With each passing day I get closer to traveling to Papua New Guinea to climb the Carstensz Pyramid, a twenty plus day journey to its peak, I am filled with excitement – of both kinds! Included with all the fun and anticipation I am experiencing as I prepare for this climb, I have some French language anxiety as the date approaches!

The group of fellow mountaineers whom I am climbing with are all Francophones.   They also speak English, including a couple of our guides.

Our lead guide hired for our group is from Switzerland, where the official languages spoken are German, French, Romansh and Italian.  My first language is Portuguese and my other native language is English.

This past weekend (September 1-3, 2017), I spent two full days in Mont-Tremblant, Québec, learning rock climbing skills, along with team building exercises with my follow mountaineers. I could feel my French anxiety building during these exercises.

Even though everyone can understand and speak English, their language of preference was French for instruction because it’s their default first language.  When the English translation of the instruction was provided, it was a ‘summarized’ version of the communication that had transpired. I can’t blame them, since only trained interpreters (verbal translators) know that summarization is not very effective for important situations. Proper language interpretation only occurs when word for word is translated, using the same tone of voice, nuances and intent of the original speaker. Come on guys – after-all, I do run a translation company!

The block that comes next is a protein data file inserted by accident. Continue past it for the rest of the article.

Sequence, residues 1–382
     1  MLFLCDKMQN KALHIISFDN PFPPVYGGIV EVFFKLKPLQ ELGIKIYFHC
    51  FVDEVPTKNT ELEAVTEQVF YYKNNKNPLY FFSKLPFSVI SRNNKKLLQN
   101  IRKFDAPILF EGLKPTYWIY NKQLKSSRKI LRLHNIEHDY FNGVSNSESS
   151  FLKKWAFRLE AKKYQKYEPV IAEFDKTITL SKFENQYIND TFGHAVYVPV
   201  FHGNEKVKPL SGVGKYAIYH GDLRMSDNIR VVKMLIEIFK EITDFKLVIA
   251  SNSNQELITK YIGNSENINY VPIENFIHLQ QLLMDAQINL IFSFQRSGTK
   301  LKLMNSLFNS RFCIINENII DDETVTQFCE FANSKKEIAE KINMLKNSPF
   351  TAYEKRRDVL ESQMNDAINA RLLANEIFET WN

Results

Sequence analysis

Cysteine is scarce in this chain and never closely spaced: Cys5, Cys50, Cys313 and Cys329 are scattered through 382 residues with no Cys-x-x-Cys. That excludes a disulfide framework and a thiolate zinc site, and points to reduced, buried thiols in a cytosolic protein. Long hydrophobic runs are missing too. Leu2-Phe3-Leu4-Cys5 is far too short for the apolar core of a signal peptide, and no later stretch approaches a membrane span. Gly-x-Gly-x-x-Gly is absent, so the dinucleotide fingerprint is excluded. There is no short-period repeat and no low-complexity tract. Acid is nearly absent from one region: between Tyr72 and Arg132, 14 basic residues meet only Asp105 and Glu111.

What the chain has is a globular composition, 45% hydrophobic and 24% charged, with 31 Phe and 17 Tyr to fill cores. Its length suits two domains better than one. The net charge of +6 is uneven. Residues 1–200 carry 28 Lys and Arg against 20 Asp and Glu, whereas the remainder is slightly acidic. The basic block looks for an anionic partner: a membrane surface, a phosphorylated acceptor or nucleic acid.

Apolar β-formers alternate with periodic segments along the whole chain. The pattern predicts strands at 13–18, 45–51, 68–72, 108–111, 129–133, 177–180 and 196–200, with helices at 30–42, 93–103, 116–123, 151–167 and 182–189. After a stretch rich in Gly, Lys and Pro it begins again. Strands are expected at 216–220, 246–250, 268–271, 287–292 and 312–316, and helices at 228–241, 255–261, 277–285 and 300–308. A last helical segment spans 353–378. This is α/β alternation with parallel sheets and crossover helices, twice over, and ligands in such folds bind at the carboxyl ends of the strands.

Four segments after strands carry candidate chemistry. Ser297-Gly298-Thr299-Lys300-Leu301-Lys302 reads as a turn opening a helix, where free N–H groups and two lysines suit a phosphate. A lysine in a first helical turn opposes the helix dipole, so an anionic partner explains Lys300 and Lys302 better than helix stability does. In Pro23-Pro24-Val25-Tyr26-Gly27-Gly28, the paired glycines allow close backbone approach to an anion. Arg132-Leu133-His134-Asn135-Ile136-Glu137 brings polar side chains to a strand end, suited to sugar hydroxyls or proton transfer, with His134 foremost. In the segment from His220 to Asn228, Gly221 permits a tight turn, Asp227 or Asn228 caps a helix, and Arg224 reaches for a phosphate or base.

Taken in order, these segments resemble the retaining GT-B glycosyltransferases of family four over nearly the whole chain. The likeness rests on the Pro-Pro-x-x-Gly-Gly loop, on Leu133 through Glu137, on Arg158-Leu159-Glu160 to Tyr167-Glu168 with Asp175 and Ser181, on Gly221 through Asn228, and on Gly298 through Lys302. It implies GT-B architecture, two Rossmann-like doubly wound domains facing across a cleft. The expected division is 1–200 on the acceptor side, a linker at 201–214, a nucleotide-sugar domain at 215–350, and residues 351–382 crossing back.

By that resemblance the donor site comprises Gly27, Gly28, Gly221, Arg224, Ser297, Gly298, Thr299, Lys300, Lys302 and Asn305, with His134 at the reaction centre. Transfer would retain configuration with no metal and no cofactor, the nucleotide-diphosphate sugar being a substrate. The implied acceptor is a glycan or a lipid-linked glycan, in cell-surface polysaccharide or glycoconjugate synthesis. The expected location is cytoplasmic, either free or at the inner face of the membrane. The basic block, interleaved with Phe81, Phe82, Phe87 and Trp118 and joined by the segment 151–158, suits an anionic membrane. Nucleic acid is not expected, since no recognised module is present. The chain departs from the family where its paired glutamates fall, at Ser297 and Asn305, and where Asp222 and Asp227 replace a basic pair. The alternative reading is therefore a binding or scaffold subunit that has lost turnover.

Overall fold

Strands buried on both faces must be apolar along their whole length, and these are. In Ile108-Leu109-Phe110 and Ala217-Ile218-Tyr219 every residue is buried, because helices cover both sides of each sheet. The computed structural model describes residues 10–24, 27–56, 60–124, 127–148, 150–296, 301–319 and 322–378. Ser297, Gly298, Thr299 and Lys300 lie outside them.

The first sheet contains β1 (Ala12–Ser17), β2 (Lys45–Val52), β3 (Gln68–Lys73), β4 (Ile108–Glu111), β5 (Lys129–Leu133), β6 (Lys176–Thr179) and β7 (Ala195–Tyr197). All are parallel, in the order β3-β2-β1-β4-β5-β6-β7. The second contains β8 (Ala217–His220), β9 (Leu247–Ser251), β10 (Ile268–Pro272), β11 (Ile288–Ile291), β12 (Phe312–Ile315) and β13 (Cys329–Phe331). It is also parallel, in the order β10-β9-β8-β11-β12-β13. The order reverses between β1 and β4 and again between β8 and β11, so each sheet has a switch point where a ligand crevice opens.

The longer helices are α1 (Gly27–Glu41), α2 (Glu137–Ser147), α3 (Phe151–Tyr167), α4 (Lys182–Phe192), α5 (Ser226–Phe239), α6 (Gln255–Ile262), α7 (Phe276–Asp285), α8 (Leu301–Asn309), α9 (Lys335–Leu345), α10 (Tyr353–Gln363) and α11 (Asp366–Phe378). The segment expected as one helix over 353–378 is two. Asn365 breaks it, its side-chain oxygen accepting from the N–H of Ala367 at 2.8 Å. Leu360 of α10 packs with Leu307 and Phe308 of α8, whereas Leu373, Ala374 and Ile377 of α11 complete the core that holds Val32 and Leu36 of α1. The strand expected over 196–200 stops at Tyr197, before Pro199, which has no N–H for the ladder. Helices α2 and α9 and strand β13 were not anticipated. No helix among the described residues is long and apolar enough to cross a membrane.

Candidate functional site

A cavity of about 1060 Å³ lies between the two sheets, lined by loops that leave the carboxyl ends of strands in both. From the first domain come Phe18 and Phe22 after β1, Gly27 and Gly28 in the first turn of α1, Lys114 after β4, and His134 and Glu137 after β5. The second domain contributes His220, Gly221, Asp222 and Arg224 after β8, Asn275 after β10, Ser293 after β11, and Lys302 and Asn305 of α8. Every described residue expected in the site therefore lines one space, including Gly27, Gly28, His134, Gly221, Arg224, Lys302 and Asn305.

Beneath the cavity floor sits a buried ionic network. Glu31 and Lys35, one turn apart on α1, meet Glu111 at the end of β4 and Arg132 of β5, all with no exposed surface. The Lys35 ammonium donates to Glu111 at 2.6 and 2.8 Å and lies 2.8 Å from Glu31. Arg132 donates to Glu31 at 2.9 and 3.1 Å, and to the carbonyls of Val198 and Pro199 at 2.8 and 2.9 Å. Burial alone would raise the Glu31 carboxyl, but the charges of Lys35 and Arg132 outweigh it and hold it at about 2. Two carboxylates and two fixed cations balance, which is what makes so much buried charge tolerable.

As I sit at my desk every day at  Language Marketplace, I have the comfort of being able to take my time to read emails when they are sent to me in French, and if I have any comprehension difficulties I simply forward the material to one of our French translators, who quickly provides me with a perfect French translation.

However, when communication is verbal and instructions are being given, discussions are occurring all in French – the luxury of time is not possible.  I think one of two things would really help; an interpreter or an improvement in my French comprehension skills!

To climb the Carstensz Pyramid, which stands at 4,884 metres (16,024 ft.) above sea level, is an epic challenge in itself. It is considered to be one of the most technical of the 7 Summits –even more technical than Mount Everest.  In addition to ensuring that I’m physically ready, the mental aspect of long days of trekking through the jungle and tropical rain forests just to reach the mountain, will also take its toll mentally.

I have decided to turn this “French anxiety” I’m having into a constructive learning experience. I have always loved French and have taken several French language courses over the years.   With this limited French language training, I have decided to change my fear into something positive –increase my French comprehension and help my fellow mountaineers improve their English!  We’ll all be spending long hours together and what better thing to do than all of us improve our language comprehension abilities! As I finish writing this I can’t help but be grateful that at this juncture, THIS is what is taking up my thinking time. “I am blessed!” ‘’J’ai beaucoup de chance!”

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